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Mary Hudetz: Slow moving justice for women in Indian Country

Filed Under: Law | National
More on: crime, jurisdiction, mary hudetz, naja, tloa, tribal courts, vawa, women
   

Mary Hudetz, the president of the Native American Journalists Association, says the Tribal Law and Order Act and S.47, the reauthorization of the Violence Against Women Act, still don't fully protect Native women from violence:
Even with the laws now passed, legal loopholes remain and the wait for justice for Native women continues, in part because VAWA, the newer of the two laws, won’t take effect until next year on most reservations, including the Standing Rock Sioux Reservation. Even then, tribes must have implemented a series of steps that many might not already have in place and could pose large legal costs.

One of these steps, for example, includes ensuring tribal judges have appropriate credentials they might not already have, said Troy Eid, a former U.S. Attorney for Colorado who this past year chaired the Justice Department’s Tribal Law and Order Commission.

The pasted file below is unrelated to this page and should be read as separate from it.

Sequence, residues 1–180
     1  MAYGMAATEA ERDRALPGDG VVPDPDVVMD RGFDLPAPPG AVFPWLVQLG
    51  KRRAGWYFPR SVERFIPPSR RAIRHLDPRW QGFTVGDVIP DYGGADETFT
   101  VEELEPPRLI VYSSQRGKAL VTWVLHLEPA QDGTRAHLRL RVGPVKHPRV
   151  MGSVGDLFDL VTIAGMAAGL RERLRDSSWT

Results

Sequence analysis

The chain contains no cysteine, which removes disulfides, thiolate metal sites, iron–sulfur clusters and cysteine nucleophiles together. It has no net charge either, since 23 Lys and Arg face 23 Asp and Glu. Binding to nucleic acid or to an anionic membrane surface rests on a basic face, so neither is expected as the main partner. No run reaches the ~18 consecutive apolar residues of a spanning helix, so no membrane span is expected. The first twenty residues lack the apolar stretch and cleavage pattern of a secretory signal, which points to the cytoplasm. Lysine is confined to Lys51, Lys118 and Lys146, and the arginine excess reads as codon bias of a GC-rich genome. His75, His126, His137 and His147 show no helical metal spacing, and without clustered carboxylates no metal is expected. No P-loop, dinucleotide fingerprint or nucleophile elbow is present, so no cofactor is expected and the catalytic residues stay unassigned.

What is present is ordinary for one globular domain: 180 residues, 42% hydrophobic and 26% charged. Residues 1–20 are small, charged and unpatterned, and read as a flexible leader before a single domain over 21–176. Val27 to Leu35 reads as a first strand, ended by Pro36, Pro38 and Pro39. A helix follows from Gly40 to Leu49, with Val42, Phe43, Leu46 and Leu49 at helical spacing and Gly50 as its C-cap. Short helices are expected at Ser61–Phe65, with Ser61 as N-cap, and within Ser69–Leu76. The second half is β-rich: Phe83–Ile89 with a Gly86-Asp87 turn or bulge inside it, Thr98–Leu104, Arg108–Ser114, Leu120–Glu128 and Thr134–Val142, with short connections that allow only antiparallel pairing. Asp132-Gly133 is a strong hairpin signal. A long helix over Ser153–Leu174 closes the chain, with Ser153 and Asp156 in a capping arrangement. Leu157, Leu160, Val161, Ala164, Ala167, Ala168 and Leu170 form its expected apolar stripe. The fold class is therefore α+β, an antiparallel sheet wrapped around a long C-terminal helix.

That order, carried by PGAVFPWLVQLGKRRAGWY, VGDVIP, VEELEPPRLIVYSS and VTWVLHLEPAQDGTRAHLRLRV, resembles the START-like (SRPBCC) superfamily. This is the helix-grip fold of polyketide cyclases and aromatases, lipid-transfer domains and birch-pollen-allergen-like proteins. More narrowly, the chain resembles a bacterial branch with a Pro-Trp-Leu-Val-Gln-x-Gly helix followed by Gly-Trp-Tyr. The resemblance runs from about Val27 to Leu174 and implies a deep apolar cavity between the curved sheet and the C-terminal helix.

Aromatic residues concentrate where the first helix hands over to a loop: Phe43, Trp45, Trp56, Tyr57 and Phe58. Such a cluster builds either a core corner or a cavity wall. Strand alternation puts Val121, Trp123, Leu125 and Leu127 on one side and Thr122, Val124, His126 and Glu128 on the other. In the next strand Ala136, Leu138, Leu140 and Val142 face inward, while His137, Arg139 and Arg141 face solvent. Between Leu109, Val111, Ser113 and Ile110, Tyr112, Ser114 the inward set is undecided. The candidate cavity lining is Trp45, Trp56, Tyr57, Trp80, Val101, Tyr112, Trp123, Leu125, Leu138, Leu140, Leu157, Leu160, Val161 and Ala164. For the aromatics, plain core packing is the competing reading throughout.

“It’s going to be a while before these changes take place on many reservations,” he said. “And there is going to be a lot of waiting while these issues unfold.”

One of those waiting is Willetta Dolphus, who runs a woman’s shelter, The Pretty Bird Woman House, on the Standing Rock Sioux Reservation. She isn’t sure when the protections provided by VAWA will hold weight for the women she serves. And she notes that as waiting continues, the perceived threat of violence is rising in her area, given the energy boom in the region that has brought an influx of oil workers and man camps to the plains of the Dakotas.

“We’re anxiously waiting and just wish it didn’t take so long,” said Dolphus. “But we’re glad there’s work in place also. We got some hope anyway.”

Beyond the wait for the law’s start date and legal red tape for nearly all 566 federally recognized tribes, there are also limits that remain for Native communities in the justice system.

Get the Story:
Mary Hudetz: New federal laws help, but still don’t fully protect Native American women from violence (The Washington Post 6/13)

Related Stories:
Man pleads not guilty for death of woman from Standing Rock (6/12)
DOJ supports bill to include Alaska tribes in VAWA jurisdiction (6/12)


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